BIPOC youth stories about the climate crisis
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Areej Riaz is one of the key organizers behind Our Climate, Our Stories, a new book that collects essays, stories, and poems related to the climate crisis written by Black, Indigenous, and racialized youth from across Canada. Faith Edem and LJ Prabaharan are both contributors to the volume. Scott Neigh interviews them about the climate crisis, about the importance of creating spaces for BIPOC youth voices in this context, and about the book.
At the moment, it is hard to feel optimistic when it comes to the climate crisis. The assessments of the Intergovernmental Panel on Climate Change are increasingly grim. From faster-than-expected loss of ice in the arctic to the heat waves, droughts, and wildfires plaguing North America, the physical manifestations of the crisis are increasingly palpable. And government responses range from outright denial to talking a good game while still doing things like buying and building a tar sands pipeline, extensively subsidizing fossil fuel industries, and consistently violating Indigenous sovereignty. In the face of all of this, it is no wonder that many people are drawn towards action that is direct, overtly political, and confrontational.
As important as that kind of action is, however, it is far from the only kind of work that needs to be done. In the face of the enormity of the harm that has already begun and that will only get worse, various kinds of relational work are essential, to strengthen our communities. Given the overwhelming grief that so many of us feel in the face of it all, we need to find collective ways to deal with those feelings. And in the context of the broader forms of justice work that are necessary to make any possible response to the climate crisis adequate to the problem, we need to put energy into supporting voices that have been excluded and marginalized – particularly in the context of many government, institutional, and movement spaces working on climate – so that they might exert more influence in shaping public discourse, policy, and politics.
Our Climate, Our Stories aims to do just that. Along with centering the narratives of Black, Indigenous, and racialized youth, the book includes illustrations from a group called Climate Illustrated, and messages from big names like Nature Canada, the David Suzuki Foundation, Climate Strike Canada, and more. The book is a space in which youth whose communities face disproportionate impacts from the climate crisis can share their experiences, their feelings, and their narratives, which are often marginalized even within youth-led climate activism, let alone in broader conversations about the crisis.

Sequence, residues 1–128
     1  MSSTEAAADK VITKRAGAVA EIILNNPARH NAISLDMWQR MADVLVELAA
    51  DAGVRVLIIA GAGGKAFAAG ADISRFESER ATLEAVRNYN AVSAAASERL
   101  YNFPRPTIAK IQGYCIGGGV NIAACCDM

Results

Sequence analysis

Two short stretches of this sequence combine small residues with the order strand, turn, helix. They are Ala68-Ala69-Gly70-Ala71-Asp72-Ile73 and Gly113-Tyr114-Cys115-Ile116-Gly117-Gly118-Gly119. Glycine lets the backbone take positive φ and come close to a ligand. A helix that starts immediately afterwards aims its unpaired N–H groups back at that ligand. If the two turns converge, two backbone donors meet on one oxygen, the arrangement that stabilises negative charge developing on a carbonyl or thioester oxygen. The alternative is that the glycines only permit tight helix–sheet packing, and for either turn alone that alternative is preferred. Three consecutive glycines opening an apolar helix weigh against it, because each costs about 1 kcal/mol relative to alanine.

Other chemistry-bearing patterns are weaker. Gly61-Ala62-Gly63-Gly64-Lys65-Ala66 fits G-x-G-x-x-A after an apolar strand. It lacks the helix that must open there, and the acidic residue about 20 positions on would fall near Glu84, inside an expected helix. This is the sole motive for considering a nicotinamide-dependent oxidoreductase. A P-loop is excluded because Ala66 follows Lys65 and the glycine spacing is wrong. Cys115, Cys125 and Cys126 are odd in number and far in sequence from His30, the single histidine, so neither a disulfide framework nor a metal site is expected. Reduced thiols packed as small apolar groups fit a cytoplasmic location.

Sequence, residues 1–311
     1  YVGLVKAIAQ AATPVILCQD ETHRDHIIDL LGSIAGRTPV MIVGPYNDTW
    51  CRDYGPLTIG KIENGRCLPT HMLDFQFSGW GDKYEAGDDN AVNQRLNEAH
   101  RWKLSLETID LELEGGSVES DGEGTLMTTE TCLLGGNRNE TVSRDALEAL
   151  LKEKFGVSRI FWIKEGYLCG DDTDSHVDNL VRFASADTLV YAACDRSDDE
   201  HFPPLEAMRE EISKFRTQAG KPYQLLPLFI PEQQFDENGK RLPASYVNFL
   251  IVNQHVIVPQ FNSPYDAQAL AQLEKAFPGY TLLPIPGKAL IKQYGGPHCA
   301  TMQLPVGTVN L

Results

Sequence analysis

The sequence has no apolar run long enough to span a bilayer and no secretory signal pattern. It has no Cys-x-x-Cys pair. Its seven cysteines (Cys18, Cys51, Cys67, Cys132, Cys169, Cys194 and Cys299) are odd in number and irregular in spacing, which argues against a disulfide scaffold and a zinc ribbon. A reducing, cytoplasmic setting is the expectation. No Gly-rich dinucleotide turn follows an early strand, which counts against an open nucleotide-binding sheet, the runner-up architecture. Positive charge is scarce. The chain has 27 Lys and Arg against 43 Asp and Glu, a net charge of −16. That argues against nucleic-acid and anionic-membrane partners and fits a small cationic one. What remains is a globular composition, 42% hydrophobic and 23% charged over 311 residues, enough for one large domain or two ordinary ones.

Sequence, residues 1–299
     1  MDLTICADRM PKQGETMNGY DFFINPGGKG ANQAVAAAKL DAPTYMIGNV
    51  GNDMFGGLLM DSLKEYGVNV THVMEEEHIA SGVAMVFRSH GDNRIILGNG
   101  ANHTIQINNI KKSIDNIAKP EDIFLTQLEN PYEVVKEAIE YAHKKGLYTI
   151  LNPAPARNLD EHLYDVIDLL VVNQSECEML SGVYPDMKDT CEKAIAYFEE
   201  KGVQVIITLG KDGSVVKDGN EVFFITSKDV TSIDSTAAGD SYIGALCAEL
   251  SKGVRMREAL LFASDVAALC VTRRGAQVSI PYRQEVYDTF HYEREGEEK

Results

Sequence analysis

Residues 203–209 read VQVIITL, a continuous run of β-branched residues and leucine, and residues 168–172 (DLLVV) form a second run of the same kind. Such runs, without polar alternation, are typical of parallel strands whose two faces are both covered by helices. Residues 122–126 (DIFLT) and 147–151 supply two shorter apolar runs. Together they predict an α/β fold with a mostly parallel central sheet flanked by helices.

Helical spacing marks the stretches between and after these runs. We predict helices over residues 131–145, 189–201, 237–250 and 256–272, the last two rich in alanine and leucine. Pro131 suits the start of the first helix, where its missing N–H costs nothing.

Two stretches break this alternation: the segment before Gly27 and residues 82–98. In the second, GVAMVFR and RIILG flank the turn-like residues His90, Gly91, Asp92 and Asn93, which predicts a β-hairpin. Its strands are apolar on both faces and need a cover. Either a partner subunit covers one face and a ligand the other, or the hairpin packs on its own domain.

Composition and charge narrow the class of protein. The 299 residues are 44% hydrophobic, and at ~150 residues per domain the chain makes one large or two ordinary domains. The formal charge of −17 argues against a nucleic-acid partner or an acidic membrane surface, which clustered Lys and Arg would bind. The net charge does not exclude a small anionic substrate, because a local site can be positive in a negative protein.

The book is a project of the People Planet Pages Book Club, which brings people together to read and discuss material related to environmental and social sustainability. The book club is a partnership involving three organizations. EnviroMuslims is a community group working within the Canadian Muslim community around questions of environment and sustainability. The Books-Art-Music (or BAM) Collective is a youth-led collective based in both Ontario and New York that empowers equity-seeking youth through art and community engagement. And the Community Climate Council is a youth-founded not-for-profit organization in Ontario’s Peel Region engaged in advocacy and education work related to the climate.
Riaz is a climate change consultant who is involved in all three of the partnering organizations. Edem is a policy analyst with Environment and Climate Change Canada. And Prabaharan is active with the Community Climate Council and works for a conservation authority.
Prabaharan argued that projects such as this are crucial because “it’s just important to have a varied set of voices, especially when we’re facing such an overwhelming problem.” He encouraged racialized youth to “be more involved” and “make your voices heard” when it comes to the climate crisis.
Edem is particularly keen to see more marginalized voices given space in political and policy processes related to climate change. She said, “At the end of the day, for me, it’s important that we have everyone at the table. And it’s important to realize we don’t actually provide invitations to everyone to be at the table. So we have to do extra work and additional action to ensure everyone’s at the table.”
She continued that if creating that inclusion means “providing more spaces for Black, Indigenous, and people of colour youth Canadians, then that’s what we have to do – and until everyone is included in our transition to a more sustainable future.”
The People Planet Pages Book Club will be using the book in the coming months as part of climate-focused conversations with Black, Indigenous, and racialized youth audiences. And the partnering organizations intend to continue doing similar work in the future.
Talking Radical Radio brings you grassroots voices from across Canada, giving you the chance to hear many different people that are facing many different struggles talk about what they do, why they do it, and how they do it, in the belief that such listening is a crucial step in strengthening all of our efforts to change the world. To learn more about the show check out our website here. You can also follow us on Facebook or Twitter, or contact email@example.com to join our weekly email update list.
Talking Radical Radio is brought to you by Scott Neigh, a writer, media producer, and activist based in Hamilton Ontario, and the author of two books examining Canadian history through the stories of activists.
Image: Used with permission of Our Climate, Our Stories.
Theme music: “It Is the Hour (Get Up)” by Snowflake, via CCMixter